CNN feeling leftist backlash over firing of anti-Semite Marc Lamont Hill
CNN’s decision to drop Marc Lamont Hill has met with resistance on the left, with some prominent progressives calling for the network to rehire him and challenging the widely held view that his comments before a United Nations panel were anti-Semitic.
Harvard professor Cornel West, “Avengers” star Mark Ruffalo, Democratic Rep.-elect Rashida Tlaib, and a host of journalists were among those who rushed to Mr. Hill’s defense after CNN released the liberal commentator last week following an uproar over his speech.
Mr. West said he was in “deep solidarity” with Mr. Hill, while Mr. Ruffalo said that “[c]riticizing Israel is not anti-Semitic” and urged supporters to sign a petition posted by the left-wing group IfNotNow calling for him to be reinstated “immediately.”
“Once again we are seeing the American Jewish establishment censor conversations about Palestinian rights by falsely claiming antisemitism, and it is setting a terrifying precedent,” said the petition.
Meanwhile, Ms. Tlaib tweeted: “Calling out the oppressive policies in Israel, advocating for Palestinians to be respected, and for Israelis and Palestinians alike to have peace and freedom is not antisemitic.”
While CNN offered no explanation for why it cut Mr. Hill, the move came a day after his Nov. 28 speech condoning the use of force by Palestinians against Israel and concluding with a call for a “free Palestine from the river to the sea.”
That mantra has long been associated with the Palestinian Liberation Organization and more recently, the U.S.-designated terrorist group Hamas, which has used the phrase to refer to the elimination of Israel, but Mr. West insisted that Mr. Hill meant no such thing.
“Hill’s words – though used by the PLO and Hamas – were not intended to be either antisemitic or a call for genocide,” Mr. West said in a Tuesday op-ed for the [U.K.] Guardian.
The backlash comes with the debate over what constitutes anti-Semitism intensifying as the progressive left increasingly sides with the Palestinians against Israel by, for example, backing the anti-Israel Boycott, Divestment and Sanctions movement.
Miriam Elman, Syracuse University associate professor of political science, said that the State Department and International Holocaust Remembrance Alliance both list “denying the Jewish people the right to self-determination” in their definitions of anti-Semitism.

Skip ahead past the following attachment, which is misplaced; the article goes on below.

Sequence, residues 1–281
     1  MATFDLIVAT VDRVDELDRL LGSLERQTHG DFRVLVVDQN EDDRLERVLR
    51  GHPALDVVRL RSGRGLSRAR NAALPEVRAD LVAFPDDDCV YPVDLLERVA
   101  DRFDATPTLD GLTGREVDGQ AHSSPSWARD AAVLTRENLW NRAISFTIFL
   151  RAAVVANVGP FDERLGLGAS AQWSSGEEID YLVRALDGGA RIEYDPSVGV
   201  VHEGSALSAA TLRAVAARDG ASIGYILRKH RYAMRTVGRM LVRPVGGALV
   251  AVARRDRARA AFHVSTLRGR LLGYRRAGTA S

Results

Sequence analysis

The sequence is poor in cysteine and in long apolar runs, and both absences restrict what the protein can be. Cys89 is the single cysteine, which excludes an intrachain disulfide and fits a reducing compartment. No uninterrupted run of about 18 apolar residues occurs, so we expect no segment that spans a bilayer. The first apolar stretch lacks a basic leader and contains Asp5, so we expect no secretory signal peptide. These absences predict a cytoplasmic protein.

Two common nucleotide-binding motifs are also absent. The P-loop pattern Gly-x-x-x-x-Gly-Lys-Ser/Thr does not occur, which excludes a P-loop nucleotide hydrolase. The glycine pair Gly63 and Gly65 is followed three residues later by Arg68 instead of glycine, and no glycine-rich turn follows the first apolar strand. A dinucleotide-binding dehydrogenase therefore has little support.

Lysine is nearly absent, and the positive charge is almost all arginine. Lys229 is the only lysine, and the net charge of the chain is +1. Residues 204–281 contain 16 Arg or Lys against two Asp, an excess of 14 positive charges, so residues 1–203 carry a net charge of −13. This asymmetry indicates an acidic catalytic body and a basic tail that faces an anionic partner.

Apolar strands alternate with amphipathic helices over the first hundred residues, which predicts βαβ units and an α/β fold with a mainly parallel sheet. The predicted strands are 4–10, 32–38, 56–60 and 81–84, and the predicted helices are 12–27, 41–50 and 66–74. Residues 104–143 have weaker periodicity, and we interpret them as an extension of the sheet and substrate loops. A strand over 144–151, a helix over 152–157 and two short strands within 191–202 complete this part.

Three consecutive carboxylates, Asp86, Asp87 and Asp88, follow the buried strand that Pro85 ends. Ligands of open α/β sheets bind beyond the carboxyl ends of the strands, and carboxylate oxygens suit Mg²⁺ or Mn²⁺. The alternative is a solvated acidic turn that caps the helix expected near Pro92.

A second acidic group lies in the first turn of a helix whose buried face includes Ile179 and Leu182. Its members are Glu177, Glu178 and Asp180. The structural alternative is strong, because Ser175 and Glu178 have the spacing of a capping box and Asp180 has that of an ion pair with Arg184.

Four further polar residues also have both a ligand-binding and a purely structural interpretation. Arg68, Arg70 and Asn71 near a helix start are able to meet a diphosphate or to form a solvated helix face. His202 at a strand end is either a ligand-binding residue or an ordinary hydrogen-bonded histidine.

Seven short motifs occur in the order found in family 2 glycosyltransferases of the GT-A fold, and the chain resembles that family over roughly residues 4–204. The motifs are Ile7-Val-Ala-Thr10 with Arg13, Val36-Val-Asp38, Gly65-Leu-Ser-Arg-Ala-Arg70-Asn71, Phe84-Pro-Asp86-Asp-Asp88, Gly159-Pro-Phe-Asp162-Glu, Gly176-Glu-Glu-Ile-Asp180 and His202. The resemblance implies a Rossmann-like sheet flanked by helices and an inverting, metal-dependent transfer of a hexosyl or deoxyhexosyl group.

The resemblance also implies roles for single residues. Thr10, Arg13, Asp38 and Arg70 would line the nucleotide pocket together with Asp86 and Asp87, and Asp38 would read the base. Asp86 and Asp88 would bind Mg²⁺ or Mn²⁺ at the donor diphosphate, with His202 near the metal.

She said examples would include “claiming that the existence of the State of Israel is a racist endeavor” or “rejecting the legitimacy of Jewish nationalism and advocating that Israel should be replaced with another state: ‘a Palestine from the river to the sea’ in which Jews would effectively become a minority in their own country.”
“So I do think that Hill’s comments were antisemitic in effect, even if they were not intended to be construed in this way,” Ms. Elman said. “Marc Lamont Hill claims to be an expert in Middle East affairs, thus he should know that ‘Palestine from the River to the Sea’ has long been a call for the elimination of Israel.”
Anti-Defamation League senior vice president Sharon Nazrian told the Jewish Journal: “Those calling for ‘from the river to the sea’ are calling for an end to the State of Israel.”
Mr. Hill apologized for the “confusion” in a Saturday op-ed in the Philadelphia Inquirer, denying that he supported anti-Semitism and saying he was “stunned” and “saddened” by the response.
“Rather than hearing a political solution, many heard a dog-whistle that conjured a long and deep history of violence against Jewish people,” he said in the article. “Although this was the furthest thing from my intent, those particular words clearly caused confusion, anger, fear, and other forms of harm. For that, I am deeply sorry.”
Others defending Mr. Hill include Jewish Voice for Peace, the U.S. Campaign for Palestinian Rights, and CodePink, while denouncing his comments were Israeli general counsel Dani Dayan; former Trump administration official Sebastian Gorka; the National Council of Young Israel, and the Republican Jewish Coalition.
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